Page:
aparrish
Posts: 3
Joined: Wed Dec 06, 2023 7:59 pm

is there an elegant way to share GPIO write access between both PIOs?

Wed Dec 06, 2023 8:59 pm

Hi there! So in this project I'm working on, I have programs running on both PIOs. The programs on the PIOs both need to be able to write to the same set of pins, though they will never be writing to those pins at the same time. The problem is that, as I understand it, write access for each GPIO can only be assigned to one of the two PIOs at a time (see section 2.19.2 "Function Select" in the RP2040 datasheet). My question: is there an elegant and fast way to switch the PIO that a GPIO is associated with on the fly, preferably with as little use of the CPU as possible?

I know that two state machines on the *same* PIO can output to the same set of pins, but my PIO programs are fairly sophisticated, and I don't think there's any realistic way for me to squeeze *both* of them into 32 instructions or less (which is why I'm using both PIOs). I could just bite the bullet and allocate a different set of pins for each PIO's output, but I'd really like to share pins between the two, since (as I mentioned) the PIO programs never use the pins at the same time, and the RP2040 has so few GPIOs to begin with. This is for a low-power, timing-critical application (margins of nanoseconds), so I'd prefer to avoid offloading work to the CPU.

(I realize I'm probably asking a question whose answer is "no, that's impossible!" but I figured it couldn't hurt to ask, in case I've missed something obvious!)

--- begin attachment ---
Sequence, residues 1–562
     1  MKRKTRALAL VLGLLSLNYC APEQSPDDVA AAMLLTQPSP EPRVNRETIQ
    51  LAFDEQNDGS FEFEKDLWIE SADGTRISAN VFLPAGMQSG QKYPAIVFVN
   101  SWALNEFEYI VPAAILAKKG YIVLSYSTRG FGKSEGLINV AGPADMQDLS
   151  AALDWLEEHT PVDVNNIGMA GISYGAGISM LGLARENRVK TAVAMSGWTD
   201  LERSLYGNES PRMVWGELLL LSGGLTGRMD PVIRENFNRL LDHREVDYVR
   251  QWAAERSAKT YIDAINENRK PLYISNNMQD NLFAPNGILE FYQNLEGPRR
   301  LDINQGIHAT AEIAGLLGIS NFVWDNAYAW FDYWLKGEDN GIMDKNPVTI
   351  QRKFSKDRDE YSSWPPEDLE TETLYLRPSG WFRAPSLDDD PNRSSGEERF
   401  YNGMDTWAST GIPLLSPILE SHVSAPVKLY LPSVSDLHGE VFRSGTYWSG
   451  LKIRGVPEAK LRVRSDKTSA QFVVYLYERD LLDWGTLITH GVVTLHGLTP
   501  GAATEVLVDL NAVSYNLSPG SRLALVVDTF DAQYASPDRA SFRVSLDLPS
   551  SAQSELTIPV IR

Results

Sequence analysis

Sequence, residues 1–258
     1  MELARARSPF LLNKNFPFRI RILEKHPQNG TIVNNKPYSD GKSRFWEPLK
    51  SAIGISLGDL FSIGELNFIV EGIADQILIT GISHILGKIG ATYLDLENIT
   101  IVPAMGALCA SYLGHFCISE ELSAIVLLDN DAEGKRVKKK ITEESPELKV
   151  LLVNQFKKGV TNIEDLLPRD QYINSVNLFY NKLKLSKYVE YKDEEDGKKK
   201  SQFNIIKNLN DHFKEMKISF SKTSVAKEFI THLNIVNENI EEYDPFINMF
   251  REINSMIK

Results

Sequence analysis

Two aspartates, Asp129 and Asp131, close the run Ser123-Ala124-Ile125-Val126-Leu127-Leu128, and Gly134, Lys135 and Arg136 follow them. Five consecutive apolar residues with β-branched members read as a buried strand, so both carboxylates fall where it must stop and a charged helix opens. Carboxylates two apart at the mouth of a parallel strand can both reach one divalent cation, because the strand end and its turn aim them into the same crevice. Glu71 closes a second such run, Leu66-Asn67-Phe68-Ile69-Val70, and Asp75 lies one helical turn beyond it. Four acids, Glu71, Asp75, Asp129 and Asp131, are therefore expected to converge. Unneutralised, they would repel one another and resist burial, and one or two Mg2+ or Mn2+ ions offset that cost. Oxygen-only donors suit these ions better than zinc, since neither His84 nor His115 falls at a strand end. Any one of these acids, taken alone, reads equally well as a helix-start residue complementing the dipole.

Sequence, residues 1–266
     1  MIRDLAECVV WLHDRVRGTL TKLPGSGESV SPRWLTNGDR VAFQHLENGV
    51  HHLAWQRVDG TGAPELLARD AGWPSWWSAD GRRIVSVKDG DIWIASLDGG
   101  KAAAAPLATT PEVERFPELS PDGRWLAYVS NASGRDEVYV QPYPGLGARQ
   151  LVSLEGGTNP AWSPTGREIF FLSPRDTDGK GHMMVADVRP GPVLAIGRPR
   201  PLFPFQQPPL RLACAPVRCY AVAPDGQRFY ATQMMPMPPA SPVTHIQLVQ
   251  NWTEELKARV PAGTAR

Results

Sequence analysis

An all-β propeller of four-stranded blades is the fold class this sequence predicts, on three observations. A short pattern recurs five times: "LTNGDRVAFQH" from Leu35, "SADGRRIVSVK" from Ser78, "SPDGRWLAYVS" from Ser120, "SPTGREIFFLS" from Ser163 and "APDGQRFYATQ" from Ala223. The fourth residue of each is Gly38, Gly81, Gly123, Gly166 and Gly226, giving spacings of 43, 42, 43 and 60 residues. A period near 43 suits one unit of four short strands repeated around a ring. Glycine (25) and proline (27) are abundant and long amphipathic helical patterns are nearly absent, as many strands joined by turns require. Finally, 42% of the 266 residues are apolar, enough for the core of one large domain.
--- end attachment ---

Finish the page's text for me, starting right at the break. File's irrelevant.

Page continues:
arg001
Posts: 606
Joined: Tue Jan 23, 2018 10:06 am

Re: is there an elegant way to share GPIO write access between both PIOs?

Wed Dec 06, 2023 9:59 pm

No, there isn't any way for a PIO program to affect the GPIO function select.

If it's really impossible for the CPU to do it, you could consider using DMA to write the GPIOx_CTRL registers, and you could even contrive for that DMA to be triggered by the PIO program.

But I have to wonder if this is really the best architecture - whether the PIO code could be partitioned differently (for example: PIO0 always controlling the pins, PIO1 doing whatever other logic these programs do, and data flowing from PIO1 to PIO0 by DMA).

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adam_green
Posts: 80
Joined: Tue Dec 14, 2021 12:43 am

Re: is there an elegant way to share GPIO write access between both PIOs?

Wed Dec 06, 2023 11:09 pm

arg001 wrote:
Wed Dec 06, 2023 9:59 pm
But I have to wonder if this is really the best architecture - whether the PIO code could be partitioned differently (for example: PIO0 always controlling the pins, PIO1 doing whatever other logic these programs do, and data flowing from PIO1 to PIO0 by DMA).
I have to agree with arg001's comment here. You might want to describe what you are trying to accomplish with your PIO code and your current solution. From what I have seen so far on this forum, there are people who really know their way around the RP2040 generally and the PIO peripheral specifically and they could probably give some great advice if they knew more about what you wanted to accomplish with the RP2040.

aparrish
Posts: 3
Joined: Wed Dec 06, 2023 7:59 pm